The place that I was working at the time (a call center) employed a large group of people from Puerto Rico, Mexico and other Latin countries. As best as I could tell, they all disregarded the irresponsible call to skip work. Many of them were in a Spanish language queue, and primarily spoke with other Latinos. They took calls from upset callers because they went to work on the 'Lets not go to work today' day.

Well, it seems that today is another sort of "We'll show them how many of us there are" days. Today is 'Call in Gay' day. It seems that the leaders of Gay and lesbian community have called for a form of protest.

What do they expect will come of such an action (or inaction)? I think that it will cause more damage than good to their cause. There are far fewer gays than they would like us to think there are. According to a report, between 4 and 5% of Americans admit to being gay. In another report, the number is 1.3%.

Even if everyone who chooses that lifestyle called into work today, how many people would be missing from the workforce today? 5 out of 100? Is that going to cause a wave? Sure, in some cases it may cause an inconvenience to employers and customers, but in most places, it would be less than a ripple. Although, I imagine it would be tough to get your hair styled in San Francisco today.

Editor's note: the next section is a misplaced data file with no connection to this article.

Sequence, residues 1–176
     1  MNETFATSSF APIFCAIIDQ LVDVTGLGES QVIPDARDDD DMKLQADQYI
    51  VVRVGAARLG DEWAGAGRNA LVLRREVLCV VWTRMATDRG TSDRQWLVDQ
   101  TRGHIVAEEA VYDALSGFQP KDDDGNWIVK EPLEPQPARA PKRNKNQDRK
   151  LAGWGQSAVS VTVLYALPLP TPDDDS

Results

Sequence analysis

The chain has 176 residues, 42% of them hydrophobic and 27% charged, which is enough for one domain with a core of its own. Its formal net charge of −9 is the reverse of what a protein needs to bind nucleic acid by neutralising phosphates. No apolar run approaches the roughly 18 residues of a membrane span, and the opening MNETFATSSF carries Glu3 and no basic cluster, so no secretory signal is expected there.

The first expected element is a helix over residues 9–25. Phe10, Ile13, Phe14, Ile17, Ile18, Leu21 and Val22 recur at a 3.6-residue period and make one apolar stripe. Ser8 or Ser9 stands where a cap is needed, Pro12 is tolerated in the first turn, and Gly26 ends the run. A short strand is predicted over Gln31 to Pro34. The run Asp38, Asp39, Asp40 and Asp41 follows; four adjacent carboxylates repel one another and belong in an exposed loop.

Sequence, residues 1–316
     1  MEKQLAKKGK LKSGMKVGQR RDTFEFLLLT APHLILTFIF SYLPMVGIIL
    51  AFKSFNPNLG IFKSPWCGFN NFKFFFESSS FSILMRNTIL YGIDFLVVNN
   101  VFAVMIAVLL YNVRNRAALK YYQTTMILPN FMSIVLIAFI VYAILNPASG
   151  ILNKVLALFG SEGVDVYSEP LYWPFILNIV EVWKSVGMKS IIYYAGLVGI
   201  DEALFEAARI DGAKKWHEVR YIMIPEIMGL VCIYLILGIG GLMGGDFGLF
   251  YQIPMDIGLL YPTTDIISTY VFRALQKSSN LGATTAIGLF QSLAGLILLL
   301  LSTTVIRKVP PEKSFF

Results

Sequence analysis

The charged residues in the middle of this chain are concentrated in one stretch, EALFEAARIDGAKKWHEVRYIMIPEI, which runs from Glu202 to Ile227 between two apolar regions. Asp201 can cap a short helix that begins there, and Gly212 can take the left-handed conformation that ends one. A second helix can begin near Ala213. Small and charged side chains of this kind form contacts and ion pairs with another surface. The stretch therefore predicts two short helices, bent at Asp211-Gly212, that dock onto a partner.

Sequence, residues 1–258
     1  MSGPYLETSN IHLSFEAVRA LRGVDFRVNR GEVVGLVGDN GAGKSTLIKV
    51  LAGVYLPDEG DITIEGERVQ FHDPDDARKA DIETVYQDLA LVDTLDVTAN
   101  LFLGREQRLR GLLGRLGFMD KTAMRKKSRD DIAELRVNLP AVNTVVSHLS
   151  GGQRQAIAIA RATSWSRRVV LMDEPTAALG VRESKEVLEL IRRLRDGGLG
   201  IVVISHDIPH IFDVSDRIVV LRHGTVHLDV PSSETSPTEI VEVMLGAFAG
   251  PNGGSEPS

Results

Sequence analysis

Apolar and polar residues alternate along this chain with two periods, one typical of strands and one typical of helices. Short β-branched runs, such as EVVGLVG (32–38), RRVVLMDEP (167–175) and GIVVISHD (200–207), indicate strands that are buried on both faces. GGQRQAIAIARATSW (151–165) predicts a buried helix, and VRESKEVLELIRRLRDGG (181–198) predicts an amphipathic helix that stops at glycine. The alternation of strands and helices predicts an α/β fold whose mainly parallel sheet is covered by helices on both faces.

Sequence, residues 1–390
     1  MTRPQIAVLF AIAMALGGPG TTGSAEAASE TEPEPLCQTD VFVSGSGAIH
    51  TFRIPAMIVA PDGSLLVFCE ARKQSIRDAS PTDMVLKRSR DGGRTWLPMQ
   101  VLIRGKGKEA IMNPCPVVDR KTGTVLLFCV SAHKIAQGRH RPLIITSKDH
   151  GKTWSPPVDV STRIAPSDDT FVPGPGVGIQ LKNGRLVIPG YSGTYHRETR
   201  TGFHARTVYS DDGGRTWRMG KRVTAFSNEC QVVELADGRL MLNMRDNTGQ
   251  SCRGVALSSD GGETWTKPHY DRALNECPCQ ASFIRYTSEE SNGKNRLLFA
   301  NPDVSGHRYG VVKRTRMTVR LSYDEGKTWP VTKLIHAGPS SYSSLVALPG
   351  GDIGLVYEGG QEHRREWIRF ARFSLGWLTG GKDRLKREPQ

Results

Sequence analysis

I don't think that it will cause any broad changes in public perception, but I think the more likely change in attitude will be that there are less of them than the noise they make, and that less accommodations will be made for them. Even in California, when it was put to a public vote, more than 52% of voters supported the proposition to formally define marriage as a union of a man and a women. This is the 2nd time that it was put to a public vote in California, with the same end result.

03 December, 2008

How far is too far?

I know that a lot of people around the world and in the US are excited with the prospect of a black president.

There are baby Barack Obamas all over country and in Kenya.

But a news story that I came across today is going too far, at least this soon.

It seems that a county in Alabama has already declared the second Monday in November to be "The Barack Obama Day".

Perry County Al is this county. In the article that I read (it was an AP story that can be read here), it says the majority of the 12,000 county residents are black, but it doesn't say how big of a majority it is.

On this day, all county offices would be closed, and the employees would get the day off with pay.

Time will tell the impact that he will have on this country. There are those who say he is going to be remembered as one of the greatest president in the history of this nation. Honestly, I have no idea what they are basing it on, since he has no real experience beyond the 6 months he spent in the Senate before he started his campaign. I hope that he does a better job than what I think he will. My prediction is that he will be less remembered as the next George Washington and more as the next Jimmy Carter. As a matter of hope, just remember, it took a Carter to bring us a Regan.

But none of us can predict the future, he may end up being one of the best presidents this country has seen, but let's give him a chance to prove it before we coronate him. It took over 100 years for George Washington to be honored in such a way.